College yearbook archive offers many blasts from the past

bcain@newsobserver.comAugust 4, 2012 

If you’re still a little angry at your mom for selling your 1972 college yearbook at a garage sale, you can finally let go of the grudge.

Thanks to an impressive digitization project at the North Carolina Digital Heritage Center at UNC-Chapel Hill, hundreds of old yearbooks from 51 North Carolina colleges are all now available to peruse online.

With just a few clicks, you can be browsing the “Yackety Yack” – UNC-CH’s yearbook – from ’72, reliving the wide ties and mustaches, the war protests, that epic John Denver concert and of course, dressing up in a fancy gown to have your picture taken in the woods. Oh, look. There’s Rigdon Dees III (later known as Disco Duckin’ Rick Dees) with his brothers at Pi Kappa Alpha.

Or pop over to Western Carolina University’s “Catamount” yearbook and look at writer David Sedaris in all his bearded, bespectacled 1976 glory. Really. Marvel at that for a moment.

You can even find a super serious class photo of PBS and CBS newsman Charlie Rose (aka Charles Peete Rose) in Duke’s 1964 “Chanticleer.”

From the same year, there’s student government president Jesse Jackson at North Carolina A&T State University. Or travel back a ways and see Charles Kuralt as the 1955 Daily Tar Heel editor in Chapel Hill or Andy Griffith as president of the 1947 UNC Glee Club.

Though looking for gawky photos of famous people is a fun way to kill an hour (or three), spotting long-gone loved ones or reminiscing about days spent with old friends at various libraries, brickyards and ball fields is the heart of the project. That and research, naturally. The searchable digital collection, managed by UNC’s Wilson Special Collections Library, is a treasure trove of information for historians, genealogists and nostalgics.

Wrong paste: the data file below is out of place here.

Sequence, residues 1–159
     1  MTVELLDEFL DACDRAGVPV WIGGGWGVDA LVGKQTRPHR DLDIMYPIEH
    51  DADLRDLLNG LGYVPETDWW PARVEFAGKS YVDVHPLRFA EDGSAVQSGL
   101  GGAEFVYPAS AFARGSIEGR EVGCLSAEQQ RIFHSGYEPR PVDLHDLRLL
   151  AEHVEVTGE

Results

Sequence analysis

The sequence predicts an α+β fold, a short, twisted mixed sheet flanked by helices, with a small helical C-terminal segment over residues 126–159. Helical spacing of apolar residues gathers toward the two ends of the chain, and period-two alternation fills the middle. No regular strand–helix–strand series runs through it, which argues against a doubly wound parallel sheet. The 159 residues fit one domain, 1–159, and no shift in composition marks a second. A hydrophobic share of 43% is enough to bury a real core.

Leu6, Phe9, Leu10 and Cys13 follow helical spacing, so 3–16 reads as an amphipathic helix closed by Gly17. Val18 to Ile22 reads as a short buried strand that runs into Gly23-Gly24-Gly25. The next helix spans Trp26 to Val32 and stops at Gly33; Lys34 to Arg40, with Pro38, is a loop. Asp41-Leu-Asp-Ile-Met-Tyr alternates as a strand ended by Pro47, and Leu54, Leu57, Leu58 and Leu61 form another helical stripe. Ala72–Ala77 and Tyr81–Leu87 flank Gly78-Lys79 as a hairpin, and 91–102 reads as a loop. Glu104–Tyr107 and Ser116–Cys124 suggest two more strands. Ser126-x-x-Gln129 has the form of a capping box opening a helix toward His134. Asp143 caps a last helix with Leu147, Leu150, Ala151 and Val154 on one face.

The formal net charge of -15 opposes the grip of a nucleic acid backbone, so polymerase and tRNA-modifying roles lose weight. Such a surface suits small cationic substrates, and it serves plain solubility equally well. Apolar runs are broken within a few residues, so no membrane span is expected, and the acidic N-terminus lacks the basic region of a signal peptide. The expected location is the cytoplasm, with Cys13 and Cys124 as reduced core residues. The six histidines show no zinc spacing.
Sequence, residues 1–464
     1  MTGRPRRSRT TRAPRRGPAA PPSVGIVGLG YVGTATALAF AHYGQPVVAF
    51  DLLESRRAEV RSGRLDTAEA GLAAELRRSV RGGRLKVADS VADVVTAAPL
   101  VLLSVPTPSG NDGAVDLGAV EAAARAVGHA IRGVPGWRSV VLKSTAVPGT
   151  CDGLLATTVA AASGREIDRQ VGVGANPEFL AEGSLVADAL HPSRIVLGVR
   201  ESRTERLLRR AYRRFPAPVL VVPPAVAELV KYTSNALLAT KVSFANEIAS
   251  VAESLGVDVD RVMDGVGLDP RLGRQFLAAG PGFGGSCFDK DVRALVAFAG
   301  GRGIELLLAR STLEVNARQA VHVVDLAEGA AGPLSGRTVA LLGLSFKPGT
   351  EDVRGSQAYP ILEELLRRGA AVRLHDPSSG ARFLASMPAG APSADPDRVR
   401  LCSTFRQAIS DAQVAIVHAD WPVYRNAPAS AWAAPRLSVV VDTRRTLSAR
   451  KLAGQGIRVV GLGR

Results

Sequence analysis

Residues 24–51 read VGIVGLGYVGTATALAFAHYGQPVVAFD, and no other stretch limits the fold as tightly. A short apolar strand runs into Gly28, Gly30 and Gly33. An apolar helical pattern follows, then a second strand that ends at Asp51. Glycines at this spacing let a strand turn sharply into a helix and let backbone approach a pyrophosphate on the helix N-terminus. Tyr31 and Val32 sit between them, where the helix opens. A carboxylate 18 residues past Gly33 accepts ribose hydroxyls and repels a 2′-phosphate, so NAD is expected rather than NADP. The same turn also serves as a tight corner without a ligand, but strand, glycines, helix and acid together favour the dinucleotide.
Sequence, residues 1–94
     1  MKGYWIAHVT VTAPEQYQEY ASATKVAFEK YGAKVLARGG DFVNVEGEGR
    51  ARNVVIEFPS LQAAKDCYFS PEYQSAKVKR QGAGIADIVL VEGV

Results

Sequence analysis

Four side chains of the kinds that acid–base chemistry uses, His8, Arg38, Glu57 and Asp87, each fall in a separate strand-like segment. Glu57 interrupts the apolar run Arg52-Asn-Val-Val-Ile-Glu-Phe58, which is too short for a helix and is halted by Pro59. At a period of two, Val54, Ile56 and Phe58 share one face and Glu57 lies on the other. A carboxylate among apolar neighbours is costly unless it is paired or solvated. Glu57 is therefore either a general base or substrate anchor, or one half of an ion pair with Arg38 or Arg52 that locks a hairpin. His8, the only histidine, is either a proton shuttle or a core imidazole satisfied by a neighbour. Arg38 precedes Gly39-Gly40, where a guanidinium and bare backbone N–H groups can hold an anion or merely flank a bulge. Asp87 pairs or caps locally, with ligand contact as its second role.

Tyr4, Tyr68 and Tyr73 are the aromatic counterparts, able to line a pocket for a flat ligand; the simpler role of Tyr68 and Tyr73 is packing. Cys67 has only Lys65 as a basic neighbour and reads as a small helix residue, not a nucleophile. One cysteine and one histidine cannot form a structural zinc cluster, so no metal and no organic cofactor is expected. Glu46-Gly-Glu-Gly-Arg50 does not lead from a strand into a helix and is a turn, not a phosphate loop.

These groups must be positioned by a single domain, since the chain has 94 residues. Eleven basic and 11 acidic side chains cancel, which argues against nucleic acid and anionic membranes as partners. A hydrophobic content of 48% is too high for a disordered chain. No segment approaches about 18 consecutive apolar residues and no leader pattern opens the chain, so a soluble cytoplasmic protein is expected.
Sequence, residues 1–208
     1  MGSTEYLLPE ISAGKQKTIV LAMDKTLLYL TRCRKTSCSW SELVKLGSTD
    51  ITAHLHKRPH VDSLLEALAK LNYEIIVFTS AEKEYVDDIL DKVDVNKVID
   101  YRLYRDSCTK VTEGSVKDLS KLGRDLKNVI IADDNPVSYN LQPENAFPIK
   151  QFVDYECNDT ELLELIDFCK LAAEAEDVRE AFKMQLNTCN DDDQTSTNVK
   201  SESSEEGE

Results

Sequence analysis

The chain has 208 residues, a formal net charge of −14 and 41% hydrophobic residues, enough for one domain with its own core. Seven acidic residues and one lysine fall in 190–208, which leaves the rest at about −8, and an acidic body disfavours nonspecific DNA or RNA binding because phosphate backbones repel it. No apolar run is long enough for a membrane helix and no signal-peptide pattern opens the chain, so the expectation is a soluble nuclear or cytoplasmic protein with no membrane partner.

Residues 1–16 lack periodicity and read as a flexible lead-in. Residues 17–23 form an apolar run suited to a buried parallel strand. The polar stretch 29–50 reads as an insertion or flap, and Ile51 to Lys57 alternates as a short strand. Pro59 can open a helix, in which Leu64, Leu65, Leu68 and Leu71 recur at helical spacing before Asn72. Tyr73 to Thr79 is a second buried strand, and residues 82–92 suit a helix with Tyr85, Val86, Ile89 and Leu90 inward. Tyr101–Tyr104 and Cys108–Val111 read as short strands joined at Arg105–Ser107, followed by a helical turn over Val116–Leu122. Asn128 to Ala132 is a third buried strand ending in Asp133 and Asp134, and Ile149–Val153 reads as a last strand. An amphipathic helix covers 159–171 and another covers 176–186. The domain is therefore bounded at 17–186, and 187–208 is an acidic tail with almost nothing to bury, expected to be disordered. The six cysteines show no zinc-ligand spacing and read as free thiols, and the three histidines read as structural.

Nick Graham, program coordinator of the Digital Heritage Center, said there is a strong demand for these types of online resources. Response to the collection has been great, he said.

“I think people are increasingly looking to online sources to connect with other people,” Graham said. “The yearbooks give people a great opportunity to connect with their past.”

Graham said he recently heard from a woman who had found grandmother’s yearbook photo from Saint Augustine’s College.

“And she was touched and surprised to see how much her grandmother looked like her,” Graham said.

Grandma’s yearbook

The center has so far scanned more than 800,000 pages of yearbooks, the oldest being the 1890 “Hellenian” from Chapel Hill (which became the “Yackety Yack” in 1901). Davidson College’s “Quips and Cranks” is chronicled from 1895, and Wake Forest University’s “The Howler” begins in 1903.

Officials are now expanding the collection to include yearbooks from community colleges, and they soon hope to begin digitizing campus and community newspapers. The yearbook website also has a section for high school yearbooks, but so far only a few schools are represented there. High school yearbooks must be 50 years old or older to be posted on the site.

The project is supported by grant funds distributed by the State Library of North Carolina.

Who is missing?

The three UNC system schools missing from this collection are the UNC School of the Arts, the N.C. School of Science and Math and N.C. State University.

N.C. State previously digitized its yearbooks independently and that site is also searchable. “The Agromeck” at N.C. State goes back to 1903 (some volumes are missing), but the site also archives old course catalogs going back to 1918 and a historical photograph collection going back to the mid-1800s.

Thanks to those “Agromeck” yearbook archives, the adorable 1940 class photo of a fresh-faced Bill Friday and the 1959 senior photo of former Gov. Jim Hunt (and his trademark hairstyle) will be around to enjoy forever.

Cain: 919-829-4579

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